If I have full custody of my 8 year old child and his father has not wanted or attempted to see him in 2 years until now, do I have to make my son go see him?

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If I have full custody of my 8 year old child and his father has not wanted or attempted to see him in 2 years until now, do I have to make my son go see him?

My son does not want to go. His father has been in jail for domestic abuse on a women and some other stuff.

Asked on November 26, 2012 under Family Law, Minnesota

Answers:

FreeAdvice Contributing Attorney / FreeAdvice Contributing Attorney

Answered 8 years ago | Contributor

Absent some court order to the contrary, if there is not order issued by the court allowing visitation or custody rights as to your son's father to your child you are under no legal obligation to allow the father to see your child. I suggest that you may want to consult further with a family law attorney about your matter.

B.H.F., Member, Texas State Bar / FreeAdvice Contributing Attorney

Answered 8 years ago | Contributor

You state that you have full custody.  If you have full custody because of a court order, then that order will control.  If the order only provides for visitations at your discretion or supervised visits, then you would need to allow him access, but you could require that the visits take place in your home (or some other safe place), while you are present or close by.  If your orders do not grant him any access, then you are not required to give him access.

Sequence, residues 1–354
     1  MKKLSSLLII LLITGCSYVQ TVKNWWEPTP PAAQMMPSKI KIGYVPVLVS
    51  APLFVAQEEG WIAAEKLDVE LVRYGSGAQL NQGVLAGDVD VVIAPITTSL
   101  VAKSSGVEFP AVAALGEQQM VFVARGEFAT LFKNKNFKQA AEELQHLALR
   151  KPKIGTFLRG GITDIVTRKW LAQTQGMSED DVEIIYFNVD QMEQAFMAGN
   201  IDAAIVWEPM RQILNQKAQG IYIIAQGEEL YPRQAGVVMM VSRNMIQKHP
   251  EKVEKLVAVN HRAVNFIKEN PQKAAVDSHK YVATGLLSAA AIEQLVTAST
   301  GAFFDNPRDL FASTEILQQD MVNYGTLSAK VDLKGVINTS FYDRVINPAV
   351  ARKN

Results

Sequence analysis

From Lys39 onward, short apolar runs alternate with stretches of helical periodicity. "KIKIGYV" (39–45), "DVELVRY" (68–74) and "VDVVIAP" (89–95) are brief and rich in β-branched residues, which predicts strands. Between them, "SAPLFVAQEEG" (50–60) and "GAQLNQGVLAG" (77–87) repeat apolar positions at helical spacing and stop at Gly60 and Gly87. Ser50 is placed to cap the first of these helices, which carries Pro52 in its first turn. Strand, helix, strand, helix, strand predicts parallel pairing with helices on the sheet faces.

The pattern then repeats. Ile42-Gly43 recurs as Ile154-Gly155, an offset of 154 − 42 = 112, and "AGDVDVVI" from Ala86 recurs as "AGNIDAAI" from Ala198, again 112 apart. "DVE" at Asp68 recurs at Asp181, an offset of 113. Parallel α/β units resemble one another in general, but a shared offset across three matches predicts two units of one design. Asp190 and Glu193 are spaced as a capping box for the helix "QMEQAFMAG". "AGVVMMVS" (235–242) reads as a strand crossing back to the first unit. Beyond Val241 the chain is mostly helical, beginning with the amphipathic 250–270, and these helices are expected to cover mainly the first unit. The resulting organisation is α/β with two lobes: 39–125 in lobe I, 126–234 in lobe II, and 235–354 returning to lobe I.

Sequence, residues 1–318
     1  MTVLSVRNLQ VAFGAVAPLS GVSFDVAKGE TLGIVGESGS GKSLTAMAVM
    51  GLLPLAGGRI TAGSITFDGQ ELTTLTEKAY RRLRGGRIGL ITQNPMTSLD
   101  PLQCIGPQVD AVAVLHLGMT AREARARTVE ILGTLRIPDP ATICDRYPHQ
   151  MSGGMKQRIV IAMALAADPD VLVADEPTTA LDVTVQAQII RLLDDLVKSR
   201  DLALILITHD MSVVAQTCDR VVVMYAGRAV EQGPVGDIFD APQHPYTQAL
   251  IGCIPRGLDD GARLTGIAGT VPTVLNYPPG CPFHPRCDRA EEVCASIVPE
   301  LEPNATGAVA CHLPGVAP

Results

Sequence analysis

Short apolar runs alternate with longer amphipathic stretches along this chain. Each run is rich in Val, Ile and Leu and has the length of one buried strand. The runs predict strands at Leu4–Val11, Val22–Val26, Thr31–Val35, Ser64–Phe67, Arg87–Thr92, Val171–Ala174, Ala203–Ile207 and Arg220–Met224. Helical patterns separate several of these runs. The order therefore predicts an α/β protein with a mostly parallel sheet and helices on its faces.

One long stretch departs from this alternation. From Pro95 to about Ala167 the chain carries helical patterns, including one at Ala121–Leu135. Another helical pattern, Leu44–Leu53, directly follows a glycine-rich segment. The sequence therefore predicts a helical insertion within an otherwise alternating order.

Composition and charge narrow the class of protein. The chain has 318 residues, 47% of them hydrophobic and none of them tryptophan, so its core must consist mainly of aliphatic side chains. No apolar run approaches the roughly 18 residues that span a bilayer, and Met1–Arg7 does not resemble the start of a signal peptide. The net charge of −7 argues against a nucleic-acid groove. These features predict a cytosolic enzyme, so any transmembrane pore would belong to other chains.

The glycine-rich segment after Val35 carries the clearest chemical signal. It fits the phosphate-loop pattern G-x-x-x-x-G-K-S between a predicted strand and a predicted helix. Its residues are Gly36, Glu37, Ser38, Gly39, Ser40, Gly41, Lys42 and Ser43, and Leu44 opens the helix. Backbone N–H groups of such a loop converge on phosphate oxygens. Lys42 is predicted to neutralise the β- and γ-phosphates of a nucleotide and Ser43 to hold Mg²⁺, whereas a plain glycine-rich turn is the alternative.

Conversely, if the orders do allow him regular, unsupervised visits, then you need to comply with those orders.  However, you mention some things that are disturbing... specifically a recent prison trip and prior assualtive history.  Considering these factors and that he has not been in this child's life for over two years, you could file a motion with the court to modify the custody paperwork to restrict or deny him access to your son. 

If you have full custody, but there are no court orders in place, then you do not have to let your son go with him.  Until there is an order in place, you both have equal access to the child-- but his rights do not trump yours-- so he cannot compel you to turn over your son. 

If you do not have orders in place, you may want to consider applying for them.  If you son is with a sitter one day, his rights would trump the sitter's and you would not have a ready mechanism for getting the child back.  If a court order was in place, you could file enforcement and contempt actions to secure the return of your son.


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